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The Southern India Mills’ Association

Committed to Foster the Growth of the Textile Industry

Textile exports turn around in July, see positive momentum on measures taken by govt

The Indian textile and clothing industry is finally on the verge of a turnaround.
The Indian textile and clothing industry is finally on the verge of a turnaround. After months of decline, the export of textiles and apparels has increased by 11% in July 2018 over the corresponding period, said the Confederation of Indian Textile Industry (Citi).
Continuous support from the union government is expected to put the industry back on track with the textile and apparel exports growing by 7% while imports staying flat in 2018-19.
Quoting the directorate general of commercial intelligence and statistics (DGCI&S), Citi said that the textile and apparel exports for July 2018 has touched Rs 19,636 crore as compared to Rs 17,692 crore in July 2017.
Exuding confidence, Citi chairman Sanjay Jain said the worst is over for the textile and clothing industry and it is finally witnessing positive momentum. Being the single largest industrial employment provider with 10 crore people, textile sector has been benefited with the continuous support from the union government with a slew of measures on all fronts.
The overall growth in exports during April-July 2018 has been 3% vis-a-vis the same period last year. Further, the MMF segment, which is expected to be the growth driver of the industry in the coming years has seen increase in production. Growth has been observed in production of man-made fibre, spun yarn and fabric during April to June 2018. For the period April-July 2018, the man-made fibre has grown by 5% to 335 million kgs as compared to 319 million kgs in the same four month period of last fiscal. Similarly, the spun yarn grew 1.1% during the said period to 1,435 million kgs as against 1,419 million kgs in the same period last fiscal. The fabric grew by 2.5% to 17,184 million sq mtr as against 16,771 million sq mtr in the April-July 2017 period, he pointed out.
According to him, the imports growth has come down significantly. While the imports of T&C has increased from $1.78 billion in April-June 2017 to $1.87 billion in the same period this year, an increase of 5%, it is significantly lower than the growth of 16% last year. The measures taken by the government to increase the import duty on various textile and apparel items will help in further reducing the imports in coming months.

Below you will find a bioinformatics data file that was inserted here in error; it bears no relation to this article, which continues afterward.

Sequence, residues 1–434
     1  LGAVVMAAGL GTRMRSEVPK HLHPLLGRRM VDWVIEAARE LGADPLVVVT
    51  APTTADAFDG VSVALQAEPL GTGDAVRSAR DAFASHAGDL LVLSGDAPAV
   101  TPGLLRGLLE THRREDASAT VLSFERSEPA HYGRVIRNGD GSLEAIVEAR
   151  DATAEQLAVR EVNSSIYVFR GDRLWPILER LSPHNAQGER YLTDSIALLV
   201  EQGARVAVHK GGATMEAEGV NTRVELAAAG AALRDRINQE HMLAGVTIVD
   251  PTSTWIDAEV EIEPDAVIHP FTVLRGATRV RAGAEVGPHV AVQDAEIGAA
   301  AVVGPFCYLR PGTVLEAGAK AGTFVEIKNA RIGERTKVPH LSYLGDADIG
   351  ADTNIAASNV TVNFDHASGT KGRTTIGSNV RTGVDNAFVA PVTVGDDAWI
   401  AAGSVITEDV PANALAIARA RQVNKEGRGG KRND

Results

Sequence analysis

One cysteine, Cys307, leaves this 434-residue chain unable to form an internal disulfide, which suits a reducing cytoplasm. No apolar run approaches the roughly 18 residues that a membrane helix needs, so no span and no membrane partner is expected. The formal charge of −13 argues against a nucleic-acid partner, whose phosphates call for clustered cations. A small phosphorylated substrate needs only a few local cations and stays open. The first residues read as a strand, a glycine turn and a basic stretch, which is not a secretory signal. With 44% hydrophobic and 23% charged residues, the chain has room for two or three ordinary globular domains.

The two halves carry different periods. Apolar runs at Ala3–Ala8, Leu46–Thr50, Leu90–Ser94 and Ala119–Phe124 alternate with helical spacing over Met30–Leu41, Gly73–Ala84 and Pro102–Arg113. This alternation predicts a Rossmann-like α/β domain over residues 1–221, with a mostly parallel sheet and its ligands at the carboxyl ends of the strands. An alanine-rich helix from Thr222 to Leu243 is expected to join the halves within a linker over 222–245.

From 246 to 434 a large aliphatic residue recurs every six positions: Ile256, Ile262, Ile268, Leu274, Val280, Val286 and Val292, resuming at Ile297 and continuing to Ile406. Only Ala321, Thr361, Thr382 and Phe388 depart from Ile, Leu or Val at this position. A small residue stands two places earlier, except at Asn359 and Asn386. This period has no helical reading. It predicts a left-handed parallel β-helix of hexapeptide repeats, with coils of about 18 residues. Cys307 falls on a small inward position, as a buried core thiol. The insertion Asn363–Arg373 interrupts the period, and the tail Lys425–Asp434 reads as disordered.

Jain also highlighted that as per RBI Financial Stability Report- June 2018, the stressed advance ratio of textile subsector has also improved from 23.7% in September 2017 to 22.3% in March 2018, indicating signs of recovery.
A strong turnaround in textiles and clothing sector is due to a number of measures of the union government, including scheme for capacity building in textile sector (SCBTS) named ‘Samarth’ of the union ministry of textiles with a sizeable outlay of Rs 1,300 crore along with other parallel skilling programmes will go in a big way to reduce the skill gap of the industry and more specifically provide a value added employment opportunity to rural women.
Devaluation of rupee by 9% in the last few months has made the industry competitive globally and imports dearer. Import duty on about 400 items has been enhanced, providing relief to the industry which was hit by huge imports post GST implementation due to import barriers reducing significantly.
Two important GST decisions in last 3 months which has allowed refund of excess ITC to the processing and fabric industry has reduced the cost of fabric by 3-4%, especially MMF fabric.
The other measures, including relief to the SME manufacturers (industry is largely populated by SME) by easing the GST returns procedure and other GST reforms. Accelerating the refund of GST dues to the industry has eased working capital pressures on the industry. Domestic demand is picking up due to settling down of GST systems and rural demand is also rising due to MSP increase and good monsoons.
Jain also stated that maintenance of a competitive exchange rate is an essential prerequisite in labour intensive manufacturing in mature industries like textiles. The currency management by the government has benefited the exports and is discouraging imports.